Novel and mild inactivation technologies open up new possibilities in meeting legal requirements in terms of food safety as well as modern consumer demands (Aymerich et al., 2008; Sofos, 2008; Havelaar et al., 2010; Rajkovic et al., 2010; Weiss et al., 2010; Knorr et al., 2011). However, incomplete inactivation and sub-lethal damage of the target microorganisms is a critical hazard that cannot be neglected, as it not only endangers microbial quality and safety of the products but entails the danger of modified properties of the surviving bacterial sub-populations. In this regard, (cross) tolerance and modified virulence characteristics is one of the major concerns in the scientific community and among food business operators (Lou and Yousef, 1997; Rowan, 1999; Rowan et al., 1999; Hill et al., 2002; Francois et al., 2006; Rajkovic et al., 2009, 2010). Thereby, bacteria response to inimical environmental factors such as temperature, pH, osmolarity or oxidative stress by exhibiting diverse physiological and molecular responses (Archer, 1996; Rowan, 1999; Rajkovic et al., 2009). Such effects have, for example, been shown for technologies like high pressure processing and pulsed electric field, and it seems that increased tolerance is not an abrupt process but a result of repetitive exposure to sub-lethal treatments. Additionally, tolerance development was found to be species-, strain- as well as treatment- specific (Yousef and Courtney, 2003; Rajkovic et al., 2010).

In recent years, some research has been conducted aiming at assessing whether and to what extent (cross) tolerance development occurs in (pathogenic) microorganisms exposed to PL. Nevertheless, the experimental data are rather controversial and there is no general agreement on this topic (Marquenie et al., 2003; Gómez-López et al., 2005; Rajkovic et al., 2009, 2011; Massier et al., 2011; Bradley et al., 2012; Uesugi et al., 2013).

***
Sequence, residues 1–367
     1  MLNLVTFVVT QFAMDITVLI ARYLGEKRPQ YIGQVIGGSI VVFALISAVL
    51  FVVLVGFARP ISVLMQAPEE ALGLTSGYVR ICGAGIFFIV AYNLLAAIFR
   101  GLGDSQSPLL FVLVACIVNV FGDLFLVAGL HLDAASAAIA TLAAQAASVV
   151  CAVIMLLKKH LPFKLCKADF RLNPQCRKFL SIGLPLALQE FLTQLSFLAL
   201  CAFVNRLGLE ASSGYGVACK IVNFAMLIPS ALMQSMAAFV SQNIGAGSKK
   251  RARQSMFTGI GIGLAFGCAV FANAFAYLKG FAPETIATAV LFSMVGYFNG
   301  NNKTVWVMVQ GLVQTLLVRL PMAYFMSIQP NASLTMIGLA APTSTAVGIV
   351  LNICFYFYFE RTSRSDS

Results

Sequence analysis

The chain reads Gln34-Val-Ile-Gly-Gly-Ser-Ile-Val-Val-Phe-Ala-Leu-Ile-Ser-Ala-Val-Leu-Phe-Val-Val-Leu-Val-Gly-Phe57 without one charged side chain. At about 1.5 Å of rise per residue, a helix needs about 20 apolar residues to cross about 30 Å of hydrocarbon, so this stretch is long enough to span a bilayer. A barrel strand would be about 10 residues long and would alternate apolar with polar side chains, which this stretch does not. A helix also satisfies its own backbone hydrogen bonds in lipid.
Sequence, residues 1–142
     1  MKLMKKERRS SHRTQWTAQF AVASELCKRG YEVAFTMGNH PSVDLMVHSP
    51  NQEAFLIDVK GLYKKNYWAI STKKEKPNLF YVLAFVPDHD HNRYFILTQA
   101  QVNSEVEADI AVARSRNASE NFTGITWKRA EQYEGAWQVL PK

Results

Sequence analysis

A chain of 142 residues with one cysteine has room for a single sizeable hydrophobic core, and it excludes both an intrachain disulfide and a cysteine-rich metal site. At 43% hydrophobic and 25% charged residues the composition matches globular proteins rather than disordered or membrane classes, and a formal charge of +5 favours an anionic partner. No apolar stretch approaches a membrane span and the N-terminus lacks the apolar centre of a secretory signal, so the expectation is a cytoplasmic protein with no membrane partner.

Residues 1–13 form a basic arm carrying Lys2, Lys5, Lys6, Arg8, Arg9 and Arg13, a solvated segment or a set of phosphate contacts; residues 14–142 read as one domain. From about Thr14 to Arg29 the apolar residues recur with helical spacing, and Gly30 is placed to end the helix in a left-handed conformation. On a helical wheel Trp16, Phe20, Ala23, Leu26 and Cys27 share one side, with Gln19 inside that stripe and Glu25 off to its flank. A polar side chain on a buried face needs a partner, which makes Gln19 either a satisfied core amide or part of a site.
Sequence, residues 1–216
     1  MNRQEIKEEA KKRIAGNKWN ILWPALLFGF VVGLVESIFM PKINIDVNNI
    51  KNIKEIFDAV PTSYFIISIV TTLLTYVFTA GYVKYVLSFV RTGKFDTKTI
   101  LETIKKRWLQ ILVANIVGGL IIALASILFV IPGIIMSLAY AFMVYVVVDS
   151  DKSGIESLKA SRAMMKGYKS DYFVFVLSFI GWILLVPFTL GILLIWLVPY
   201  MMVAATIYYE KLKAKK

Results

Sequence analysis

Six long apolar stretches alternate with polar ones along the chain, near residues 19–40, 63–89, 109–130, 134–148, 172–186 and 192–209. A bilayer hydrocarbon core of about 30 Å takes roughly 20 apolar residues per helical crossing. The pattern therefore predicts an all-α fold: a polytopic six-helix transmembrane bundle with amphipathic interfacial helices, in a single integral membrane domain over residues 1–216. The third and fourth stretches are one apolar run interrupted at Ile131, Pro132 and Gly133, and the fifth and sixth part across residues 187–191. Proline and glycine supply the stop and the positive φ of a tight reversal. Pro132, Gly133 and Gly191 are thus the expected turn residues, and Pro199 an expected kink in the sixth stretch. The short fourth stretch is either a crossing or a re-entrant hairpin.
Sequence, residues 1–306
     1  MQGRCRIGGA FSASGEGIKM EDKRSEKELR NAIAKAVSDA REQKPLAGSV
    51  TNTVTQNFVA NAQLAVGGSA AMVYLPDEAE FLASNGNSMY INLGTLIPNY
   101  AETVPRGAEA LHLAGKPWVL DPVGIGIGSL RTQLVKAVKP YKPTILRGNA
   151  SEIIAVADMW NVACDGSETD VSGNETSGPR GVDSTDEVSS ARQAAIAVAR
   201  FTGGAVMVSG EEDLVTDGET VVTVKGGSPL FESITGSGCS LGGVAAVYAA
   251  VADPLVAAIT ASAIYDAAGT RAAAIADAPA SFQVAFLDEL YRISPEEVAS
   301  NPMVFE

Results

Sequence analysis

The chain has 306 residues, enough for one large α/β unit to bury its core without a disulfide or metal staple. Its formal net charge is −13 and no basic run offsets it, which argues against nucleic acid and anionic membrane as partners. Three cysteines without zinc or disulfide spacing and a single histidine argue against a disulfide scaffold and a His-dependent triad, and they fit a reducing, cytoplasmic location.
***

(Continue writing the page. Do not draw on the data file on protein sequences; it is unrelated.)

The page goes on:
Tolerance Development to Homologous PL Stress and Influence of Deep-Freeze Storage

By subjecting the L. monocytogenes strains listed in Table 1 to a PL stress of 0.46 J cm-2, a considerable reduction of initial microbial cell density (log CFU cm-2) was obtained. For L. monocytogenes the inactivation levels ranged from 3.15 ± 0.04 to 5.43 log CFU cm-2. Details on initial counts as well as the inactivation levels are listed in Table 3. L. monocytogenes Li-16 and Li-P492 strains were chosen as indicator organisms for the subsequent experiments. The main reason for this selection lies in the fact that the strains were among the most tolerant to PL and that L. monocytogenes is a pathogen of current concern in the food industry (The Rapid Alerst System for Food, and Feed [RASFF], 2014; European Food Safety Authority, and European Centre for Disease Prevention, and Control [EFSA and ECDC], 2015).

TABLE 3
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TABLE 3. Mean reduction (log CFU cm-2) and standard deviation of L. monocytogenes viable counts on Tryptone Soya Agar supplemented with Yeast Extract when exposed to sublethal PL stress of 0.46 J cm-2.